Getting in/out of vans. Walking up to 1/2 mile inside and out; climbing up/down ladder; paved pathway, uneven terrain. There is a 1/4 mile optional walk, on a flat sidewalk at Fremont Indian State Park, if a participant wants to see Indian writings carved into the sandstone walls.
In the hotel restaurant, choose what you like from the breakfast buffet.
After checking out of the hotel and loading our luggage on the van, we will ride to the Fremont Indian State Park and Museum near Sevier. When I-70 was being constructed in 1984, earth removal from a ridge uncovered a Fremont culture village from more than a thousand years ago. There were more than 100 structures, and while much was destroyed, much was saved and preserved. During our self-directed exploration, we will be able to explore the museum and see exhibits revealing daily life in the long-gone village. We know from artifacts that the Fremont culture was an advanced society of people who cultivated crops like corn, squash, and beans. They built comfortable homes that could withstand Utah’s harsh environment. The Fremont people expressed themselves through art and play. The museum displays include everything from agricultural and hunting tools to pottery and smoking pipes, and a model of a Fremont woman that was made based on her skeletal remains. Outside, what is called the Parade of Rock Art trail loops behind the museum along a paved pathway. This interpretive trail passes by numerous petroglyphs made by the Fremont people.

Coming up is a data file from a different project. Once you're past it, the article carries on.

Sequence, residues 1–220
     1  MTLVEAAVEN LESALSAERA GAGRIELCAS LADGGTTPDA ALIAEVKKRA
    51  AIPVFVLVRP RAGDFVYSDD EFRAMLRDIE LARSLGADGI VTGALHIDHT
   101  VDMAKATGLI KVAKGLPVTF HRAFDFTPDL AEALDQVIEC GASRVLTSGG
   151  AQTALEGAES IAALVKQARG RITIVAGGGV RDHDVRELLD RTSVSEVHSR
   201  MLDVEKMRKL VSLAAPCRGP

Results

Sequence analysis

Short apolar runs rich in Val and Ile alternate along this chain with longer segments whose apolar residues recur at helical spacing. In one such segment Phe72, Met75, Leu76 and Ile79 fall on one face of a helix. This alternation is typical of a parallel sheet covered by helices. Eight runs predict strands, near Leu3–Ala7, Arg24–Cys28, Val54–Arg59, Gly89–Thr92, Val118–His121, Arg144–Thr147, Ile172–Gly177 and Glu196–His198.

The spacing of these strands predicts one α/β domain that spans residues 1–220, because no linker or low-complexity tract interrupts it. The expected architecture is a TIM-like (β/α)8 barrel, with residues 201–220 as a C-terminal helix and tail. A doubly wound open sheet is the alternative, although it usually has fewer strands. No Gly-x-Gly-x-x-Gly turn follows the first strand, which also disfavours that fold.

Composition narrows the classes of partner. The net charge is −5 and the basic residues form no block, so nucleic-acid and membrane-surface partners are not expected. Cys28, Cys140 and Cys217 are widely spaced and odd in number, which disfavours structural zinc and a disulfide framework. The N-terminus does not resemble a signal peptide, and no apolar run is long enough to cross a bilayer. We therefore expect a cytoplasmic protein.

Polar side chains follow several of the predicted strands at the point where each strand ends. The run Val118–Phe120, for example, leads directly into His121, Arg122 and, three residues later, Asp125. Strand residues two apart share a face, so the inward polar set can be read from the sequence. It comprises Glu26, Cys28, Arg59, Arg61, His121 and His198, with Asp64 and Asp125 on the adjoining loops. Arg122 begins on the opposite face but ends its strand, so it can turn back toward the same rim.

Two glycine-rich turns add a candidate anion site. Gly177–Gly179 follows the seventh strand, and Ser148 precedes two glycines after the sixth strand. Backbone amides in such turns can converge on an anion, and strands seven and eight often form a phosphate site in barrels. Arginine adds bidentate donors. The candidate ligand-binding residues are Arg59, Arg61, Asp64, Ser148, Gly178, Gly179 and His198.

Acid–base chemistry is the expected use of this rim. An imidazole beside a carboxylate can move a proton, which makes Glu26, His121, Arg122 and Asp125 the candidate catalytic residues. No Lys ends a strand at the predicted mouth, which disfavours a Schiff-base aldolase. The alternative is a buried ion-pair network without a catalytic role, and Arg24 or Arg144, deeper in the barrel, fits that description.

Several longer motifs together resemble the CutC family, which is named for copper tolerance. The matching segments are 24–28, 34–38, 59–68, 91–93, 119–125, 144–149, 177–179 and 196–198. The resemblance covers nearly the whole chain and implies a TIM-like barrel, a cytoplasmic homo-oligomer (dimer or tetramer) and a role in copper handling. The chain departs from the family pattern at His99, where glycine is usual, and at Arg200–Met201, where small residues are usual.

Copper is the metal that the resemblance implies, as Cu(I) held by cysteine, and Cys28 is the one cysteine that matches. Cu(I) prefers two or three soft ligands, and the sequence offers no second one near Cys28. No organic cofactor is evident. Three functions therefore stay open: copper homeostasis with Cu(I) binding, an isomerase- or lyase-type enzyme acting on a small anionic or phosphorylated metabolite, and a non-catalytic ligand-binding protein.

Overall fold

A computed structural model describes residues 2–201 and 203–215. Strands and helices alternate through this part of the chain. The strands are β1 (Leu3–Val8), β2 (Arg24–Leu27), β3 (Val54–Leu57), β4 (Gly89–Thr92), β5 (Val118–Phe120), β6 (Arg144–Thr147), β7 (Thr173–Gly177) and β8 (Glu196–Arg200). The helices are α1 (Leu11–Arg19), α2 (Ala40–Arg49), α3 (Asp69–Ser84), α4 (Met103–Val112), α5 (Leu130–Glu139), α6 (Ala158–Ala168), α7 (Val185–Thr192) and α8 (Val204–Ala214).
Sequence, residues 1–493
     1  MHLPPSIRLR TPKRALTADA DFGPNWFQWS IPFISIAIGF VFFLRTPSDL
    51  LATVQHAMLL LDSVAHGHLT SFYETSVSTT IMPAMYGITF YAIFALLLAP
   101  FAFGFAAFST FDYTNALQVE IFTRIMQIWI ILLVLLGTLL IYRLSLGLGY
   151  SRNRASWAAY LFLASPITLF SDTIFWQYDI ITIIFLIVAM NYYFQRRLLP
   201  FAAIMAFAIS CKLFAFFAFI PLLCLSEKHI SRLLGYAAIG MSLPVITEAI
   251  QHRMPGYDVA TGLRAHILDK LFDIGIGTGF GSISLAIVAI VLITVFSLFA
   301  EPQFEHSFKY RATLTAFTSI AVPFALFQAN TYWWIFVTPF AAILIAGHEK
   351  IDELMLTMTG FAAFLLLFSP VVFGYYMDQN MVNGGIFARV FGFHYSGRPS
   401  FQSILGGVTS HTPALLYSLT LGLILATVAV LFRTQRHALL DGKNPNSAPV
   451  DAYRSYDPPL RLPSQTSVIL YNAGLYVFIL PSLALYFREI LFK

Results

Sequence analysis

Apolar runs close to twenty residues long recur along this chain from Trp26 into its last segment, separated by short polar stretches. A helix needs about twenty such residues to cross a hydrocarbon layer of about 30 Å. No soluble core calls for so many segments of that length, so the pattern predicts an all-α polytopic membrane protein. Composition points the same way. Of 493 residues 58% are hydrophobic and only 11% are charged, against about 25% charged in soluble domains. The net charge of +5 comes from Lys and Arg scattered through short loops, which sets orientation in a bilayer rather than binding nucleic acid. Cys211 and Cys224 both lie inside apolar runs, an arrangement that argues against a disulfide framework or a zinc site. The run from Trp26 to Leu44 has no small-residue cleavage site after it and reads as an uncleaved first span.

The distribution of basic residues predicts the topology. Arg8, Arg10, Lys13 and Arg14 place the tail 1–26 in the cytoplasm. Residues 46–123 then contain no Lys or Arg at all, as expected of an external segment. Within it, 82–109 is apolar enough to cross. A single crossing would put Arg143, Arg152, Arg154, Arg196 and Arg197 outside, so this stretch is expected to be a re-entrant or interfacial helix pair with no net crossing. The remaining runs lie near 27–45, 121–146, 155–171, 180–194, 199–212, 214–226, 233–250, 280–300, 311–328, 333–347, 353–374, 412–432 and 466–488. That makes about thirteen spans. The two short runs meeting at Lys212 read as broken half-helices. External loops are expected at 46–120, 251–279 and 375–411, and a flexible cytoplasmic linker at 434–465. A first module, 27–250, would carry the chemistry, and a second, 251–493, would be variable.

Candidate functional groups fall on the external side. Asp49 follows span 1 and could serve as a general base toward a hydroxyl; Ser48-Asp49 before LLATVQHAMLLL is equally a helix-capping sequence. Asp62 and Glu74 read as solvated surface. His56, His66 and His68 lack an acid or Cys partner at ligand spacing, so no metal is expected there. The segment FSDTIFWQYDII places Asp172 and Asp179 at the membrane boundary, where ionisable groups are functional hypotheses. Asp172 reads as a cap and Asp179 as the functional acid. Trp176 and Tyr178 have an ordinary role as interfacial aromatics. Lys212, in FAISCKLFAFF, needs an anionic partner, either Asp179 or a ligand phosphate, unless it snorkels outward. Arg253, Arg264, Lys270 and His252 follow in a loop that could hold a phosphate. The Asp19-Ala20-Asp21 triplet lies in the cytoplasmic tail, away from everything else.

At Big Rock Café near the famous Big Rock Candy Mountain, we’ll have a plated meal with beverage choices of lemonade, soft drinks, milk, coffee, tea, water; other beverages available for purchase. After the Burl Ives recording of “Big Rock Candy Mountain” became famous in the 1950s, some enterprising locals put up a sign at the bottom of a local mountain proclaiming it as the real place from the song. The colors — shades of yellow, orange, red, and white — are a result of volcanic activity and mineralization over millions of years.
We’ll ride on to Torrey, near Capitol Reef National Park, and check in to our hotel with some time to freshen up. We’ll then meet our expert Hopi teacher and potter, Alice Dashee, and learn about Hopi traditions of pottery making. We’ll also get an overview of the pottery making project throughout the rest of the program.
In the hotel restaurant, we’ll have a plated meal with beverage choices of lemonade, soft drinks, milk, coffee, tea, water; other beverages available for purchase.
All the molding, sanding, polishing, and painting of our pottery will take place in our conference room at the hotel. There, we’ll learn from our Hopi teacher and expert where our clay was gathered on Hopi lands and the number of filtering and drying processes it has gone through over many days to get it to the point where we can now work with it. We’ll see sample designs and various artistic samples of things we may choose to make.